This Court has considered this argument before and found it barred by the nonretroactivity rule of Teague v. Lane, 489 U.S. 288, 109 S. Ct. 1060 (1989).3 See Webb v. Collins, 2 F.3d 93 (5th Cir. 1993). Because we find Webb materially indistinguishable from the instant case, we conclude that Alexander's argument is Teague-barred as well. The petioner in Webb made the same argument as Alexander -- that the Texas 10-12 rule compelled the jury to vote "yes" on the special issues -- and he relied on the same authority -- Mills v. Maryland, 486 U.S. 367, 108 S. Ct. 1860 (1988).4 See Webb, 2 F.3d at 95. We concluded in Webb that the principles of Mills did not dictate the rule urged by the petitioner, see Webb, 2 F.3d at 96, and precedent constrains us to reach the same conclusion here.5
Alexander makes two additional arguments in quest of his COA. First, he urges us to allow the parties to re-brief all claims in light of the Supreme Court's recent decision in Williams v. Taylor, -- 120 S. Ct. 1495, ---, L. Ed. 2d ---, 2000 WL 385369 (U.S.), which modified the habeas standard announced in Drinkard v. Johnson, 97 F.3d 751, 756 (5th Cir. 1996). The problem with this argument is that Williams is irrelevant to our disposition of Alexander's constitutional claim. Alexander's claim is Teague-barred, separate and apart from any deference to state court findings or conclusions, and any argument on the Supreme Court's modification of the Drinkard standard would be unproductive.
Alexander also argues that the district court's sua sponte denial of COA denied him meaningful access to the courts and representation of counsel.6 This argument is meritless. It is perfectly lawful for district court's to deny COA sua sponte. The statute does not require that a petitioner move for a COA; it merely states that an appeal may not be taken without a certificate of appealability having been issued. 28 U.S.C. § 2253(c). Furthermore, Alexander points to no legal support for his contention that his rights were violated by the district court's sua sponte denial of COA without prior briefing and argument by counsel. Arguably, the district court that denies a petitioner relief is in the best position to determine whether the petitioner has made a substantial showing of a denial of a constitutional right on the issues before that court. Further briefing and argument on the very issues the court has just ruled on would be repetitious.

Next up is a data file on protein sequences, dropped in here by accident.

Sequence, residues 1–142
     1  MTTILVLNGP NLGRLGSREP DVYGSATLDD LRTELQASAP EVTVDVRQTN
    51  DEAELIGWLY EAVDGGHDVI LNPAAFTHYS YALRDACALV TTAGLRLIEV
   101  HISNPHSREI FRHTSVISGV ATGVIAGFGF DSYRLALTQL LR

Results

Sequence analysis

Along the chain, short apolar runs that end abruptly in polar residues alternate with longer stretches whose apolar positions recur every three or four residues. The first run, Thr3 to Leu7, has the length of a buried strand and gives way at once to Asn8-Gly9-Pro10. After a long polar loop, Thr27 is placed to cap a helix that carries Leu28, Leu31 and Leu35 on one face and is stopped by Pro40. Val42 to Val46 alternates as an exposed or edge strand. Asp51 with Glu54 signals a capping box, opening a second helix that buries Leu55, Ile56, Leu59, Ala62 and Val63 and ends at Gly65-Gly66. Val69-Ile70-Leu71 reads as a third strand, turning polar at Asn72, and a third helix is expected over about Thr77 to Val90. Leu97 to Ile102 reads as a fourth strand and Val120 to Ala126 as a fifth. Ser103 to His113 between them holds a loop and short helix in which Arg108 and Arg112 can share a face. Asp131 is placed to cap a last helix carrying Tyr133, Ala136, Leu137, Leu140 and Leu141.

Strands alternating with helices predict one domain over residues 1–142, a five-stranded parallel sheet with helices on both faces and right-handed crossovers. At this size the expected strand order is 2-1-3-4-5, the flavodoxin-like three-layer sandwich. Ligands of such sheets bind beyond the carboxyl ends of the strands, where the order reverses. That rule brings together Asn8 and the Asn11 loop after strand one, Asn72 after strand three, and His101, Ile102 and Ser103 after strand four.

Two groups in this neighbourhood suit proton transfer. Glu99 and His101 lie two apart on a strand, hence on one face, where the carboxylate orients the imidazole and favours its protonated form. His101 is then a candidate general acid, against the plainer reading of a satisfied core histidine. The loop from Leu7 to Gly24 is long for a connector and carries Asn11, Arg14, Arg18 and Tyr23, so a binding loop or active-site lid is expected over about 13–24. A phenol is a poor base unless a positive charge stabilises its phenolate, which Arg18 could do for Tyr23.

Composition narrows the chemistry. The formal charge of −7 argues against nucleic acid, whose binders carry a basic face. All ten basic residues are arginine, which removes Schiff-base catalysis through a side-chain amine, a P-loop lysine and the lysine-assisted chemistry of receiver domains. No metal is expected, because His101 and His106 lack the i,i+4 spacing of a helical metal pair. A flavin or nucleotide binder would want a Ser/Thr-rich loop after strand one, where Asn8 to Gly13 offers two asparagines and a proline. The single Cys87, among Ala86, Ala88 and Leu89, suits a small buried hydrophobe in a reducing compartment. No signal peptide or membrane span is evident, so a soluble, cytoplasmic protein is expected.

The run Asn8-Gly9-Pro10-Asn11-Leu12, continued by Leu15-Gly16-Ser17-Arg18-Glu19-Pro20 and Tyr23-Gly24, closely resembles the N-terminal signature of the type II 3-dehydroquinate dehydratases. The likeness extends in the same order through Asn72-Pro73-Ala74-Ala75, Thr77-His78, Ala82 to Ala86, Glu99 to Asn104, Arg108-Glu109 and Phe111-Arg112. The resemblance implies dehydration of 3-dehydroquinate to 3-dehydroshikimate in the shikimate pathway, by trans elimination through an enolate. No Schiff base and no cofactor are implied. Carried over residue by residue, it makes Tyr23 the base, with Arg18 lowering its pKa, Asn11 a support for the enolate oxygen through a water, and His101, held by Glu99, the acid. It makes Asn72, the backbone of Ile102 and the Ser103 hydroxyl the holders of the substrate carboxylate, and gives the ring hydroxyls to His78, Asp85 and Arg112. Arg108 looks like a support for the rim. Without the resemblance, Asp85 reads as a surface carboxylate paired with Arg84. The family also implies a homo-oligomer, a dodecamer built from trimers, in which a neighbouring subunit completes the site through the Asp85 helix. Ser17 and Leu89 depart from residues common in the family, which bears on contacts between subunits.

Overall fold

Because Alexander's constitional argument was foreclosed by Teague, he is unable to make a substantial showing that his consititional rights were denied. We therefore DENY his application for a COA and VACATE the stay of execution granted by this court.
This was Alexander's second trial for this offense. Alexander was previously convicted of capital murder and sentenced to death in 1981. The Texas Court of Criminal Appeals overturned his conviction on October 7, 1987. Alexander v. State, 740 S.W.2d 749 (Tex. Crim. App. 1987).
The Court of Criminal Appeals recounts in detail the evidence supporting Alexander's conviction. Alexander, 740 S.W.2d at 4-5. The recitation of facts confirms that the charge against Alexander was abundantly proved by physical evidence.
Under Teague, new rules of constitutional criminal procedure will not be announced on federal habeas review unless an exception applies. Teague, 489 U.S. at 316, 109 S. Ct. at 1078. " [A] case announces a new rule when it breaks new ground or imposes a new obligation on the States or the Federal Government . . . . To put it differently, a case announces a new rule if the result was not dictated by precedent existing at the time the defedant's conviction became final." Id. at 301, 109 S. Ct. at 1070.
In Mills, the Supreme Court struck down a death sentence imposed under Maryland's capital punishment scheme because jury instructions may have precluded the jury from considering mitigating evidence unless the jury agreed unanimously on each mitigating factor. See Mills, 486 U.S. at 384, 108 S. Ct. at 1870. The Court has subsequently interpreted Mills to mean that "each juror [must] be permitted to consider and give effect to mitigating evidence when deciding the ultimate question whether to vote for a sentence of death." McKoy v. North Carolina, 494 U.S. 433, 442-43, 110 S. Ct. 1227, 1233 (1990).
In addition to be being barred by Teague, Alexander's substantive argument is meritless. The Supreme Court recently rejected the theory that a district court's failure to instruct the jury as to the consequences of deadlock gives rise to an Eighth Amendment violation. See Jones v. United States, 119 S. Ct. 2090, 2099 (1999). Furthermore, the Fifth Circuit has expressly rejected the contention that Texas's 10-12 Rule prevents jurors from considering mitigating circumstances. See Jacobs v. Scott, 31 F.3d 1319, 1328-29 (5th Cir. 1994).
Alexander's argument that the district court applied the incorrect legal standard for granting a COA barely rates mentioning in view of the fact that the court applied the precise standard mandated by Fifth Circuit precedent.